5. My oldest kid is a PG adult now (the tippy top) while my other *children* are more "normally" gifted. When talking to parents of other normal gifted kids, they have no idea what I'm talking about when I say that DS1 thinks differently - they can't imagine this huge gap in intelligence.

    1. Exactly! They think fundamentally differently - at a recent parent teacher night (god, help me!), Wombat Girl's advanced maths teacher said "she doesn't think the same as the rest of us" - it was a good comment, but shows how different they are!

  6. Are you able to provide any source information for the bell curve graphs you've included with this post? Many thanks!

    1. I think I got the coloured one from here: and the other one from here:'.html


Post a Comment

Bloggers LOVE comments! We are pretty needy that way, so go on, leave some love :-)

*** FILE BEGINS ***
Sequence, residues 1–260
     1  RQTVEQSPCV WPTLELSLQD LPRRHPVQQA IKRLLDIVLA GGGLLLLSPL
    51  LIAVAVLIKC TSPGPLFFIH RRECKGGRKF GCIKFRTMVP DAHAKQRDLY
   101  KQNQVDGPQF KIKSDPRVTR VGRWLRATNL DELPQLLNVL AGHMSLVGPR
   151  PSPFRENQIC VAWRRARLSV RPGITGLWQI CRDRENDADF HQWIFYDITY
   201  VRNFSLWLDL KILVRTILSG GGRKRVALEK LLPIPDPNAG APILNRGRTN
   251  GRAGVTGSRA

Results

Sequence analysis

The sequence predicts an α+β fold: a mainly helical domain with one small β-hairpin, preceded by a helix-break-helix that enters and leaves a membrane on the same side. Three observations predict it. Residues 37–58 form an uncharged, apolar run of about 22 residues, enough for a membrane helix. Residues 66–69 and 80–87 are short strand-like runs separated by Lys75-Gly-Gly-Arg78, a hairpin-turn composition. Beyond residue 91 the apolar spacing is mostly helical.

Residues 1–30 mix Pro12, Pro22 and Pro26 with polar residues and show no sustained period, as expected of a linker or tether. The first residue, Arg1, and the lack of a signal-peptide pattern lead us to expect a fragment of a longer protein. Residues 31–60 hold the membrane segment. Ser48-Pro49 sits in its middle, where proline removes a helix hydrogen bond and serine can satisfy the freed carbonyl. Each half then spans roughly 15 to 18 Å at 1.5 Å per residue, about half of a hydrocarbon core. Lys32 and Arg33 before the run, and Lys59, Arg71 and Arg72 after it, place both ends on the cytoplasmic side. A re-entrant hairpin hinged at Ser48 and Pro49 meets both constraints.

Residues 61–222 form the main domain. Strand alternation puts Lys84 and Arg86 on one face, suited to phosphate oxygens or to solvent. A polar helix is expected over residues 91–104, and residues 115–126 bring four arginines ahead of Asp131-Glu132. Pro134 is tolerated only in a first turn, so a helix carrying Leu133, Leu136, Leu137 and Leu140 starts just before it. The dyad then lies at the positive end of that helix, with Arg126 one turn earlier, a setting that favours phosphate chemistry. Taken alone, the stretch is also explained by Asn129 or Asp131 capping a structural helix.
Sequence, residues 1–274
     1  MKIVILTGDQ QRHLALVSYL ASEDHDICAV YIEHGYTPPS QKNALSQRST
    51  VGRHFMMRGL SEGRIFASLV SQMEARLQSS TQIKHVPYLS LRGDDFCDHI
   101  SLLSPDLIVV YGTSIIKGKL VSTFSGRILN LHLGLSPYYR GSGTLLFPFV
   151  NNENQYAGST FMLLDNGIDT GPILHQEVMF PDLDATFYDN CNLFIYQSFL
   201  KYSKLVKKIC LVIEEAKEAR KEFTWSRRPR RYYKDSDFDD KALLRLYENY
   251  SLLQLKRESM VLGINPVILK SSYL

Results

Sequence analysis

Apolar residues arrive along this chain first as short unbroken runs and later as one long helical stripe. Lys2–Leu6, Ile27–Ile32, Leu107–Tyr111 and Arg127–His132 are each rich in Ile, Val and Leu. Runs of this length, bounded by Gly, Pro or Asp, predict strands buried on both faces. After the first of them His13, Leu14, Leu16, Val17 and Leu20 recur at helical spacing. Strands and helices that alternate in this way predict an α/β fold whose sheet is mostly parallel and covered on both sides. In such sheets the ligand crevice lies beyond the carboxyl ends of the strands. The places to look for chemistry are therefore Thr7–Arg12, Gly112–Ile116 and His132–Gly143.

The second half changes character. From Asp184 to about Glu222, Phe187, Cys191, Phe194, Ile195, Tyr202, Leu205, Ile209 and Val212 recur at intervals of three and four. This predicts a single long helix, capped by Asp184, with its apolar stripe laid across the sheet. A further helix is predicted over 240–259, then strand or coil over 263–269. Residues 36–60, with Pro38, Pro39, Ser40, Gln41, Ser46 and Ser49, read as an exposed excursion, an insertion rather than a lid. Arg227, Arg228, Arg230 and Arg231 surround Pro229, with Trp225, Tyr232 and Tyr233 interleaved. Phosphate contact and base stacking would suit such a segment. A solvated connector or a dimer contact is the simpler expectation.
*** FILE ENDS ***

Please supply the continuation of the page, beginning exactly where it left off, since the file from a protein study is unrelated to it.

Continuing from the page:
Popular posts from this blog

I see...

We've had a couple of interesting weeks here. Video Boy has inherited his mother's shocking vision - he has myopia (commonly known as short-sightedness or near-sightedness). It occurs when the eyes focus light in front of the retina, leading to unfocussed vision.

Close up is usually OK, but distance vision is pretty fuzzy:

For me, even the couple would have been blurry! I was "medically blind" which meant I got my optometrist fees covered by Medicare (yay!).

So, Video Boy has had glasses for a couple of years now - he has broken one pair and then lost the replacement pair (grrr) and so for a couple of months, his world has looked like the picture on the right...and he was squinting to watch TV, read signs, pretty much all the time.
So, we went off to the optometrist last week to get us some new glasses!
The optometrist is up on all the latest research - with Wombat Girl, we bought a software program with special "lenses" and she had to do a practice session…